Patience in the Moment (Matthew 6:31-34)

One day at a time, one moment at a time is one line from the serenity prayer that has always stuck with me.

I am not particularly adept at living one day at a time. Usually I find myself running from the moment in order to have plans three weeks from now. I will run myself ragged trying to anticipate every possible outcome instead of focusing in on what is happening today, right now. I ignore the blessings of the present in favor of maintaining a false sense of control. I don’t have time to be in this moment, I have to be prepared for what might happen tomorrow!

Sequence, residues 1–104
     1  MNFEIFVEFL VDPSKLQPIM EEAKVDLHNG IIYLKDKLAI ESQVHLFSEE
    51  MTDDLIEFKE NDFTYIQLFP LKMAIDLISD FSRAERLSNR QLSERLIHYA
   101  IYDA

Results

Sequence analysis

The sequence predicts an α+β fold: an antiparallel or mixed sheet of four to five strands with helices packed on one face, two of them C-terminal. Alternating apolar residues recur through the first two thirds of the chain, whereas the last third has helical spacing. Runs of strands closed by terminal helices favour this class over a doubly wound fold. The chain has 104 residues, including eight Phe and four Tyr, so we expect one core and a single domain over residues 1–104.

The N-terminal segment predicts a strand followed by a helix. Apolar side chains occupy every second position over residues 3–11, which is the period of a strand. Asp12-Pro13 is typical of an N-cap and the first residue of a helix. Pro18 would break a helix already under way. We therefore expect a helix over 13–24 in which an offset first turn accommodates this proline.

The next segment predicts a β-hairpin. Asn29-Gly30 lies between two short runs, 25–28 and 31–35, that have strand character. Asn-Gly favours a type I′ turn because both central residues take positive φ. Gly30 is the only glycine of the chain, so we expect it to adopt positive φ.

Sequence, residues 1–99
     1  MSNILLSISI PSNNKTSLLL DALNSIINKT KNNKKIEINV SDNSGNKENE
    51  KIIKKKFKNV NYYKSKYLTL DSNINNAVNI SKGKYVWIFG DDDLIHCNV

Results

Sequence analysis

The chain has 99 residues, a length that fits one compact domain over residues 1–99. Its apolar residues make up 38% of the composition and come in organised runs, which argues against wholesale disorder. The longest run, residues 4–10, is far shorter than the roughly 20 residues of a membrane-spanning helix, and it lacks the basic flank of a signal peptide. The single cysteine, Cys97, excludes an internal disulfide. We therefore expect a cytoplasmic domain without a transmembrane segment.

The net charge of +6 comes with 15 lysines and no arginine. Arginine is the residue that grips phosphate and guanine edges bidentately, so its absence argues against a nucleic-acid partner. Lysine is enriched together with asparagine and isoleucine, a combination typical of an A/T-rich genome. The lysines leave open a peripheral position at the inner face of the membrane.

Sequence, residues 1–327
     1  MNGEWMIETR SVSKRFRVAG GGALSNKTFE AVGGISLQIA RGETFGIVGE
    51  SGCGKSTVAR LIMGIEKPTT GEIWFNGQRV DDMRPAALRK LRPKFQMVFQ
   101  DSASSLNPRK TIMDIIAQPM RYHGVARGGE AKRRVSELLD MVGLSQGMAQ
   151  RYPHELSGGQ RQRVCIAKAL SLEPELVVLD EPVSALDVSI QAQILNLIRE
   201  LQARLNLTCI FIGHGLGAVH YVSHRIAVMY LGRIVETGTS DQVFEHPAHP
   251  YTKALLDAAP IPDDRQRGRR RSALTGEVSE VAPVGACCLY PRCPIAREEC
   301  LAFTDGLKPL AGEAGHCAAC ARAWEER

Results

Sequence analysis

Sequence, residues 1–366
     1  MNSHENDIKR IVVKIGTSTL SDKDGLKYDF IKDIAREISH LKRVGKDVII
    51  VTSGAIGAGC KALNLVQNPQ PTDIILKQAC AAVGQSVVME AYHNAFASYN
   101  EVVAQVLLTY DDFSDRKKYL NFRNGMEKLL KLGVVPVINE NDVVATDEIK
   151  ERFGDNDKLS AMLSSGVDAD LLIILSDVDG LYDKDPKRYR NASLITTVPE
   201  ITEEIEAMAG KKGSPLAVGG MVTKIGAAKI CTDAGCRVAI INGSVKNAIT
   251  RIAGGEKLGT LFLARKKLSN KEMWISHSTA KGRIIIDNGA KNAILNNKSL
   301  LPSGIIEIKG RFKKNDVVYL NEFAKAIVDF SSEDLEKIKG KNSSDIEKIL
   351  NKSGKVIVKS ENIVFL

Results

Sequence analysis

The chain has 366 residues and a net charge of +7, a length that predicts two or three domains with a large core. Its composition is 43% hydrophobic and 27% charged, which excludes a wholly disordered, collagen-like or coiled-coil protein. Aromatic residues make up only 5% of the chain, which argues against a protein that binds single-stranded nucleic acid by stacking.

In Matthew 6:31-34 Jesus speaks directly to the heart of every worrier:

So don’t worry, saying, ‘What will we eat?’ or ‘What will we drink?’ or ‘What will we wear?’ For the idolaters eagerly seek all these things, and your heavenly Father knows that you need them. But seek first the kingdom of God and His righteousness, and all these things will be provided for you. Therefore, don’t worry about tomorrow, because tomorrow will worry about itself. Each day has enough trouble of its own.

Lately that last line, “each day has enough trouble of its own,” has been keeping me in the present. Between a father recovering from a stroke, a mother recovering from a badly sprained ankle, our hallway getting flooded, our kitchen having asbestos under the vinyl we’ve currently got down (meaning our kitchen will be getting ripped up), and a niece to help take care of, there has not been a lot of time to look ahead. Instead, I find myself being taught patience.